By Maria Konnikova
The New Yorker
Originally published October 31, 2013
A few years ago, acting on a tip, school administrators at Great Neck North High School, a prominent, academically competitive public school in Long Island, took a closer look at students’ standardized test scores. Some of them seemed suspiciously high. What’s more, some of the high scorers had registered to take the test well outside their home district. When the Educational Testing Service conducted a handwriting analysis on the suspect exams, they concluded that the same person had taken multiple tests, registering each time under a different name. In November, 2011, twenty students from schools in Nassau County were arrested and accused of cheating. The arrests, combined with the social prominence of the school and its students, made the case one of the most prominent cheating scandals in recent history.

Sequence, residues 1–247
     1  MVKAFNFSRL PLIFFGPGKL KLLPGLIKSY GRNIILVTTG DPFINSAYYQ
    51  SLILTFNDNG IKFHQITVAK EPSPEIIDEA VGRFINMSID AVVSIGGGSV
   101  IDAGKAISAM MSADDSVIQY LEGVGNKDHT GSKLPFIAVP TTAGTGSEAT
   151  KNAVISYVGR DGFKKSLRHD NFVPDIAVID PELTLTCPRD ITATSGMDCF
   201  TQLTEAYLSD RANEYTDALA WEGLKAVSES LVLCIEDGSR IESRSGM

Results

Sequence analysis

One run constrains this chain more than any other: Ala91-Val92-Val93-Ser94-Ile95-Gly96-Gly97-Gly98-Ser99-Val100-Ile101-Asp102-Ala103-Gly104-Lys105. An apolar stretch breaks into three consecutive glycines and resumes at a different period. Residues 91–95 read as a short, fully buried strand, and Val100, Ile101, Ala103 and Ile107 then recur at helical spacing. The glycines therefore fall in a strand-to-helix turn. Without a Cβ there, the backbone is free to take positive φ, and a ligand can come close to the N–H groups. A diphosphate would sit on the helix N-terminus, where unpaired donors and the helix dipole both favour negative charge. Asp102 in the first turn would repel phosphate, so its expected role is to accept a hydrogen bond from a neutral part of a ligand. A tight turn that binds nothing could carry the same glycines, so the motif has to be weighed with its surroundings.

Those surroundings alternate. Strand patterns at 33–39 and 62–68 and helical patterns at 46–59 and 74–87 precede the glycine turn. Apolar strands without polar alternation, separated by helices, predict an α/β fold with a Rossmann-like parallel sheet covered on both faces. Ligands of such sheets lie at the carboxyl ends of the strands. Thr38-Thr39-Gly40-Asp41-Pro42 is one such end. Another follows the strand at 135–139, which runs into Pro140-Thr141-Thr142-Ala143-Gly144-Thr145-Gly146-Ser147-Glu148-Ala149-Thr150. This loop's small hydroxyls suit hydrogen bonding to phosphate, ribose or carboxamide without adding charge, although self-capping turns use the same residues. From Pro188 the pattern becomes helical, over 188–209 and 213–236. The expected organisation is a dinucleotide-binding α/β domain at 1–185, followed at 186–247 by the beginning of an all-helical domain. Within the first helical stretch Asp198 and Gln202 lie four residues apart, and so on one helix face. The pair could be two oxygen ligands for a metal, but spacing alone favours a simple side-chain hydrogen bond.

When a student sits down at a test, he knows how to cheat, in principle. But how does he decide whether or not he’ll actually do it? Is it logic? An impulse? A subconscious reaction to the adrenaline in his blood and the dopamine in his brain? People cheat all the time. But why, exactly, do they decide to do it in the first place?
The entire story is here.